Sometimes, you just have to go to 11.

This, of course, is Standard Operating Procedure at Studio Servitù. One knows there is no predicting what awaits inside. The only way to go into a Servitù event is ready to be dazzled and debauched and let the wicked scheming of Jane Jett and Miss Crash take over.

September’s Nick Kushner exhibit opened the door and gave us a peek into his creative world. With 11.11.11, Servitù took us further down the rabbit hole to explore the minds of three artists. Along with Kushner, the new show also encompassed works of two fellow Manson collaborators, photographer (and writer/filmmaker) Anthony Silva and “Coolest Magician on Earth” Rudy Coby. The unique friendship and mutual inspiration the artists share was the soul of Servitù’s group exhibition, “The Stars Are Maligned”.

The pre-event titillation began mere moments after the last of the lingering crowds made their way out of the 9.10.11 Kushner show. Like the consummately expert teases Crash and Jane are, just a whiff of suggestion was all that was granted. For two months, the speculation raged on in blogs, discussion forums, and social media. But the ladies of Servitù were not going to give us our treat until they were good and ready. Every tiny iota of revelation was examined, dissected for any and all possible clues. Watching the anticipation grow and spread was delicious.

After a build-up like that, the natural question which springs to mind is: Was the pay-off worth the mystery? The resounding answer from virtually all corners of the LA creative underground? HELL YES!

Those who regularly read the Webzine’s monthly love notes to degeneracy (in Lip SerVICES) have witnessed the goings-on at Studio Servitù, even before the doors officially opened. It is, avoiding the more often-used superlative terms, home turf, a salon and clubhouse for many LA artists, performers and creators. But, with the latest gallery event, it’s clear we OG Servitù regulars will need to learn to share.

The club has, apparently, gained quite a lot of new members.

The instant the freight elevator door opened, one was immediately struck by the hum of the crowd filling the long, candle-lit hallway. Hum gave way to buzz on approaching the studio, backed up by (an excellent mix of) music. Once entering, the excitement was contagious.

As in the Kushner opening, the space was set up with an ideal mix of display and social area. Despite a constant flow of impressive crowds throughout the night, it was never difficult to view the artwork or hear conversation. So many venues lately use volume as a faux-buzz crutch, blasting music so one doesn’t have a chance to notice there’s nothing much to talk about. It’s nice to see Servitù buck that trend and give their guests plenty of interesting eye and brain candy and the right atmosphere to talk about it.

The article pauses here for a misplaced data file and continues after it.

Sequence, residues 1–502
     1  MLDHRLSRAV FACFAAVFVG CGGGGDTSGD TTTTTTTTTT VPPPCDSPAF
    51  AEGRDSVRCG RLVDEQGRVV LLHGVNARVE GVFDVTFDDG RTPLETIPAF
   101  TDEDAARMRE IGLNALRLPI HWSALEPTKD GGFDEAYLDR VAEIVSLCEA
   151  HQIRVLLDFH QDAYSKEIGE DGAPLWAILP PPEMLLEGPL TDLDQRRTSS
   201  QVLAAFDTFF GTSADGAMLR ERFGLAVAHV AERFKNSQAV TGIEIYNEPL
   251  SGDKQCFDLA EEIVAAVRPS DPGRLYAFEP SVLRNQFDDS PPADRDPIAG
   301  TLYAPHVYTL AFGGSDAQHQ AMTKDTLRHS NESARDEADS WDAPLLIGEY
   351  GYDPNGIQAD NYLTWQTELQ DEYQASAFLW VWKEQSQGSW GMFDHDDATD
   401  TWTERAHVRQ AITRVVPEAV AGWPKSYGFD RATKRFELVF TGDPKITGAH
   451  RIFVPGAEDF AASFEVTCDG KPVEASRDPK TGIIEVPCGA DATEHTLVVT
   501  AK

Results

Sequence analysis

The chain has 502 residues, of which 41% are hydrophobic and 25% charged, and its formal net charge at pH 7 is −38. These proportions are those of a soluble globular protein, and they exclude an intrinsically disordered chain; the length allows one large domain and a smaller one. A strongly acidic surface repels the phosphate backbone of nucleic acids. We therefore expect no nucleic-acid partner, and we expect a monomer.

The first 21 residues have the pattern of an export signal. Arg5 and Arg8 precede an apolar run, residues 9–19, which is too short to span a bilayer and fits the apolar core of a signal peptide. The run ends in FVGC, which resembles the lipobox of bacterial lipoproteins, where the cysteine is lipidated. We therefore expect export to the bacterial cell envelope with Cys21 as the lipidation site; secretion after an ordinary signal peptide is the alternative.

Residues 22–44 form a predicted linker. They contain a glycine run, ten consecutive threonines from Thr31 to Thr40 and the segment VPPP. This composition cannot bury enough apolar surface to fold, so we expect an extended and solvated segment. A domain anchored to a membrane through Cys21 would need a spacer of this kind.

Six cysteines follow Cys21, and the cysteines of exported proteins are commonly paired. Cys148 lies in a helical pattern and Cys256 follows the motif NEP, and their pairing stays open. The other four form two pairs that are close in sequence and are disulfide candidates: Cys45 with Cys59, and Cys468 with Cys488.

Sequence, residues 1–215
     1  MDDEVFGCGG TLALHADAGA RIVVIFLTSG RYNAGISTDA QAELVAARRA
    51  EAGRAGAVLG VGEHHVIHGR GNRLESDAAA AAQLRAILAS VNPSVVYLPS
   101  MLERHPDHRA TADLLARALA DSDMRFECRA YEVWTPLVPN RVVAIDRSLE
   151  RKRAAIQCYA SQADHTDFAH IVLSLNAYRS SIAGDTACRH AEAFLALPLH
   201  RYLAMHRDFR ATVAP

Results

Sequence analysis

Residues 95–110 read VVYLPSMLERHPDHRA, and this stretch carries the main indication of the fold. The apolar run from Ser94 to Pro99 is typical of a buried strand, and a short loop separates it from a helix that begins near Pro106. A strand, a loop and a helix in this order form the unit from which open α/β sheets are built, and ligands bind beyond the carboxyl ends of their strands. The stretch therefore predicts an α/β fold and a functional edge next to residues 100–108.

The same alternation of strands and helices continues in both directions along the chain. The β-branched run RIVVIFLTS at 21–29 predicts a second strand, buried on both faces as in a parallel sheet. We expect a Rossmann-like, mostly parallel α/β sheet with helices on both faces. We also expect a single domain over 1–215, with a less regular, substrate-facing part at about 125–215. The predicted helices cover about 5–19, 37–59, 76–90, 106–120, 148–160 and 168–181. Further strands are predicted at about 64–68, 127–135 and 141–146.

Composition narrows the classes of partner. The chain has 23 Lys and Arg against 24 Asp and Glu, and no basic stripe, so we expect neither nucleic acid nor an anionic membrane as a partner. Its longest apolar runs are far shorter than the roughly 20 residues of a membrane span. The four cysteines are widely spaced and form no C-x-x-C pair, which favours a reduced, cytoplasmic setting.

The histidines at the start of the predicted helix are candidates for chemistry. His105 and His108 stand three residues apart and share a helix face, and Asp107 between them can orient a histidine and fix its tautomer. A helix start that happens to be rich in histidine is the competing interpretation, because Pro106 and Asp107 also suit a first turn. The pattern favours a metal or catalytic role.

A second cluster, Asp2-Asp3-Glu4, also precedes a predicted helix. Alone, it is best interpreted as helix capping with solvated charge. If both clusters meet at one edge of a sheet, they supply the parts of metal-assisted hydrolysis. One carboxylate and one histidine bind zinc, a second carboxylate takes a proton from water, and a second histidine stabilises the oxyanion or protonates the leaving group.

Immediately, one could note the parallel of the contrasting, yet complementary character of the works and their artists with the diversity of those who came out to enjoy them. There was some commonality but, for the most part, it was a rather dizzying array of LA nightcrawlers. People-watching was at its most intriguing.

Let’s put it this way: Attendees of 11.11.11 rubbed elbows with both Marilyn Manson and Janice Dickinson. That seemingly polar-opposite pairing sums up the unusual black to grey to white spectrum quite well, yet everyone seemed to feel at home. Some sort of alchemy was certainly at play.

Reviewing the artists’ works, the strange harmony made perfect sense.

One could attempt to read discord in comparing the maniacal whimsy of a Rudy Coby video to the brooding intensity of a Nick Kushner painting or sultry creepiness of an Anthony Silva photograph. Yet, they blended seamlessly, displayed to let the viewer experience little tastes of each as they took in different areas of the exhibit. One was reminded of fine dining restaurants, where a tasting menu is considered the ultimate experience of complete enjoyment. Like the best tasting menu, there was a subtle commonality tying the threads of ideas together to make for a more satisfying visual feast.

At their root, all three artists’ works challenge us to not just reconsider our perceptions, but overhaul how we perceive ourselves and the world around us. They tempt us to look deeper for the surreal lurking beneath the fragile shell of accepted reality. They embrace the constancy of the the dark and celebrate the nobility of the profane. One feels as if they’re witnessing something deeply personal and private in the collected works. It’s almost as if we’re seeing things we know we shouldn’t, yet can’t bring ourselves to look away. Coby, Kushner, and Silva, in their group effort, offered more than a glimpse into themselves; they invited us to take a leisurely stroll around their psyches. What we found was neither sanity nor madness, but a place where they mesh as comfortably as the art on display and its creators.

As in any good bit of alchemy, each component was made stronger and more precious when combined as a whole.

Though there is no way to recreate the chemistry of the opening night, the online preview gallery is definitely worth taking in. The exhibit collection, including works by Nick Kushner and Anthony Silva can be found on the Servitù Gallery page. Those interested in purchasing any of the pieces on display can arrange a private showing by contacting Studio Servitù.

Thank you to Jane and Crash of Studio Servitù for another great night of eye candy and brain food. Thanks, as well, to Rudy Coby, Nick Kushner, and Anthony Silva for an exceptional collection of art works. And, thanks to Joe Berhosky for being on hand to capture the glorious debauchery as it happened.

And, of course, special thanks to Lip Service for having the fabulously good taste to be a sponsor.

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